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Tall trees

Classification of trees

In relation to the climatic conditions, responsible for the development of the tree species present in the different areas of the planet, it is possible to classify trees according to the size they can reach in adulthood. The tall trees belong to the order of the first size trees that reach and exceed thirty meters in height. This type of trees, in addition to having very long trunks, has very extensive root systems capable of keeping large portions of land compact. Unfortunately, tall trees are also the most sought after by the timber industries which often operate in an uncontrolled manner, deforesting large portions of land, further aggravating the problems associated with deforestation and desertification.

Tall trees


Tall trees are the most imposing organisms present in nature capable of living for thousands of years as in the case of some specimens with a mammoth habit of Californian sequoia sempervirens that are between five thousand and seven thousand years old or a specimen of Mexican mucronate yew which is estimated to be around four thousand years old, while some trees are known to have continued to grow for over three thousand years of a particular species of western juniper. Other species have millennial or multi-century biological cycles, for example: chestnut, cypress and yew can live more than two thousand years. The spruce, the cirmus and the English oak can exceed the millennium while some specimens of silver fir are more than eight hundred years old.

Broad-leaved and coniferous trees: growth


One of the characteristics common to all trees is perennial growth. The trees, in fact, continue to grow until death at increasingly slower rates, however for broad-leaved trees the development is more rapid in the first years of life while conifers generally have slow and constant growth rates. Tree growth as well as longevity depend not only on climatic factors but also on the species. The tallest tree of all is the Californian evergreen sequoia which in the case of some monumental specimens exceeds one hundred and twenty meters in height. A tree of exceptional size is the amygdalina eucalyptus native to Australia where it can exceed one hundred and ten meters in height and the silver fir that grows up to seventy-five meters.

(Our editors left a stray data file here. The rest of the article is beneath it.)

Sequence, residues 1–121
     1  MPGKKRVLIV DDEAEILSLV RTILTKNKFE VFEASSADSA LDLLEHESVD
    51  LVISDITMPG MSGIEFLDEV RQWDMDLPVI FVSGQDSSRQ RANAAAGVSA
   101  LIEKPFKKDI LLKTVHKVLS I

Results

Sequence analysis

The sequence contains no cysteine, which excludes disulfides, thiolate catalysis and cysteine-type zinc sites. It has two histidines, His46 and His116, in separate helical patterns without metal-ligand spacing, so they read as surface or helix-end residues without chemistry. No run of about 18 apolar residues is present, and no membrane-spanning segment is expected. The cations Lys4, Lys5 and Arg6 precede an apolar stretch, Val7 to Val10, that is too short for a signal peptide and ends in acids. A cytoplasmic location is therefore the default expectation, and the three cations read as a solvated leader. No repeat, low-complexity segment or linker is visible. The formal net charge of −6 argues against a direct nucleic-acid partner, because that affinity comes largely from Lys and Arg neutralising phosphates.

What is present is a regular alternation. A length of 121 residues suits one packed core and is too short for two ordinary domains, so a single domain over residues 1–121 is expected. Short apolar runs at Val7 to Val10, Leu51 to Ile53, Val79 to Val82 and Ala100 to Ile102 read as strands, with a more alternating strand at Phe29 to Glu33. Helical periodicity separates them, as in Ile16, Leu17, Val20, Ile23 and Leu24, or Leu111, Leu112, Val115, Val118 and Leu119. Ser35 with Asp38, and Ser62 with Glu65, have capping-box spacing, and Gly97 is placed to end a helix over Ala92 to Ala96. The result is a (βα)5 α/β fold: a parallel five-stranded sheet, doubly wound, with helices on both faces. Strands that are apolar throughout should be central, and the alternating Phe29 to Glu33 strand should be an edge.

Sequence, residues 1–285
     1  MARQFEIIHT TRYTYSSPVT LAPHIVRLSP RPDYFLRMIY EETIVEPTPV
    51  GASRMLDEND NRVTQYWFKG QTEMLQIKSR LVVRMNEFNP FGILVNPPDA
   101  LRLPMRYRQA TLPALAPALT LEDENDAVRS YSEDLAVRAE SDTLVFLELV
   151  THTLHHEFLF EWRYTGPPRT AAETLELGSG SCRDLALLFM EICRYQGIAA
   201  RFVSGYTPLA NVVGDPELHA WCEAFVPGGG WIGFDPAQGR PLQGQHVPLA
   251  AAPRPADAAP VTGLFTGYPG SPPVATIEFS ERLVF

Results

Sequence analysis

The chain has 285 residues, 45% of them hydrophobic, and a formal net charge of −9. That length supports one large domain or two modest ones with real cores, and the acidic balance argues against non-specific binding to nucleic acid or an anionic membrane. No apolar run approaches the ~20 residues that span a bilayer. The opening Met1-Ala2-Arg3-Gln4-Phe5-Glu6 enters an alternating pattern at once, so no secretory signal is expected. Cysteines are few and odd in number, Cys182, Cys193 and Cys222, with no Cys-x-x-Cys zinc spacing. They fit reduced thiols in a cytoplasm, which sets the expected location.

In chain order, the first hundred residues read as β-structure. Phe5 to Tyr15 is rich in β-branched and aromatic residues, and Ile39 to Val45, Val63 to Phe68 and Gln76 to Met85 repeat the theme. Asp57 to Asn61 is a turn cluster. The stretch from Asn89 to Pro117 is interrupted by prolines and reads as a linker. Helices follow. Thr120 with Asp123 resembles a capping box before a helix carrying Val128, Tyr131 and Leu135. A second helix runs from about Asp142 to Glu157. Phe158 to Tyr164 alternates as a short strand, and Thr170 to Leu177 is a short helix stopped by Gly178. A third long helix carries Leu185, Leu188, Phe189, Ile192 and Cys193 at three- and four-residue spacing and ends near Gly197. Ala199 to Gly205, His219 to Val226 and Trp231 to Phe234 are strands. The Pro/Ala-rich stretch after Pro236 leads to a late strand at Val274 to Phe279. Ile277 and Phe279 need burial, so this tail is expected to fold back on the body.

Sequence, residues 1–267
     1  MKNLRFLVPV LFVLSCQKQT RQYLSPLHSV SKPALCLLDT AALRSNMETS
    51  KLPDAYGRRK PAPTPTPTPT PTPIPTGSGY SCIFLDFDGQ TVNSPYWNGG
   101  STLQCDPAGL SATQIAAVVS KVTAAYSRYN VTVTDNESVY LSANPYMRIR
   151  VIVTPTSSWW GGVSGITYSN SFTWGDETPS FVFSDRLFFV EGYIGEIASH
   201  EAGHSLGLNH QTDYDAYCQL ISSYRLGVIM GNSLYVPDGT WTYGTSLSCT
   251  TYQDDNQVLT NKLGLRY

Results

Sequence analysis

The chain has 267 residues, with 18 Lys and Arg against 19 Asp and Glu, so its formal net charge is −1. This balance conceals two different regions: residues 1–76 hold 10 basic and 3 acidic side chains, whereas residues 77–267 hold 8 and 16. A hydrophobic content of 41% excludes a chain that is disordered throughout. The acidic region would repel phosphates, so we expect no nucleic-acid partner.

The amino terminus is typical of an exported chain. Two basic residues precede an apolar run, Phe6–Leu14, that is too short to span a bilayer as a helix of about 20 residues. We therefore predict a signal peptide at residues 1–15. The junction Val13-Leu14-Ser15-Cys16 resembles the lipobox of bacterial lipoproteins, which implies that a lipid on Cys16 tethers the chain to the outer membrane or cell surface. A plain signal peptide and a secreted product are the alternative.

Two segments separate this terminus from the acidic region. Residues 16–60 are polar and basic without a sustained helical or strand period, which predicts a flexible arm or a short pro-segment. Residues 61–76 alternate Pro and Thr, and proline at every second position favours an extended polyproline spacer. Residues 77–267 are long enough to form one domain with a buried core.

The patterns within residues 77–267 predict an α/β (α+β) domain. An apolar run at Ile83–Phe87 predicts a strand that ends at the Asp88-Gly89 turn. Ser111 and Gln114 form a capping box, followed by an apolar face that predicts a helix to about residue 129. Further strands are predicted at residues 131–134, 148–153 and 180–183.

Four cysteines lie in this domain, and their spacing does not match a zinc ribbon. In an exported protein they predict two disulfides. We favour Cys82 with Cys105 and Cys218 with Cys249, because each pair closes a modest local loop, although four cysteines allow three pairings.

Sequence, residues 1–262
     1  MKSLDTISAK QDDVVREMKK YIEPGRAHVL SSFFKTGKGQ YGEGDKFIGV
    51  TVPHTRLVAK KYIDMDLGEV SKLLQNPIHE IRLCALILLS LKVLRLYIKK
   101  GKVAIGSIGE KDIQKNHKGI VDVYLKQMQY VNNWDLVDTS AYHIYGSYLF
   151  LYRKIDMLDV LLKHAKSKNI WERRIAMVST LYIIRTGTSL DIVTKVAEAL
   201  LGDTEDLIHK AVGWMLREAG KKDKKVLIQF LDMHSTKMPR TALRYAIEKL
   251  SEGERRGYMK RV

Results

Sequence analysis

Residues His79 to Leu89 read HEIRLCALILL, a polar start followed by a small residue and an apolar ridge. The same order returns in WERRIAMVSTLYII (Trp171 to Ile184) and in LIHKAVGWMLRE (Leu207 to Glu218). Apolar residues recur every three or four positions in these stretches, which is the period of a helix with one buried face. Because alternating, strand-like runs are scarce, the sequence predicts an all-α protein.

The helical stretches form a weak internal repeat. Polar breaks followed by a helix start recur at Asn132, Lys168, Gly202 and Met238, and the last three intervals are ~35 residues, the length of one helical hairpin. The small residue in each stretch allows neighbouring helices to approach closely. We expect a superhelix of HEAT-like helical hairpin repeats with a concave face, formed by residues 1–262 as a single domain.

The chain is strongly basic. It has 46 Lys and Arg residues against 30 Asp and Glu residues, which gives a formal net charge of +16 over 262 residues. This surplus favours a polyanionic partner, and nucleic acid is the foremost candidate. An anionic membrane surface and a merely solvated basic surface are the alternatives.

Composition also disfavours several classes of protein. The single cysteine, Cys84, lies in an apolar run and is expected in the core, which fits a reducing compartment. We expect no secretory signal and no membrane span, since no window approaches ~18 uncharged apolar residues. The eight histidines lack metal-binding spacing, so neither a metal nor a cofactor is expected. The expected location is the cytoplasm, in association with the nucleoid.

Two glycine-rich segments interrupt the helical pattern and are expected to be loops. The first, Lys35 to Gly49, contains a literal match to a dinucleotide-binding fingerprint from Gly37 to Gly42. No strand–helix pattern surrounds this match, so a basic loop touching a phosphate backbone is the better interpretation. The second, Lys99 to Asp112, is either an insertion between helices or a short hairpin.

Tall trees in the garden


Tall trees characterize all the environments in which they grow for the size they can reach. If planting a sequoia in the garden could be an impossible task, however, there are tall trees that can be grown without particular problems provided that there is sufficient space. The plane tree is certainly one of the most common ornamental trees in many vegetable gardens and gardens; it can reach a height of forty meters, has a long and robust trunk wrapped in a smooth bark with very suggestive brownish gray shades, a wide and rounded crown composed of broad deciduous leaves with an intense color and long and strong branches that offer an impact particularly impressive visual.

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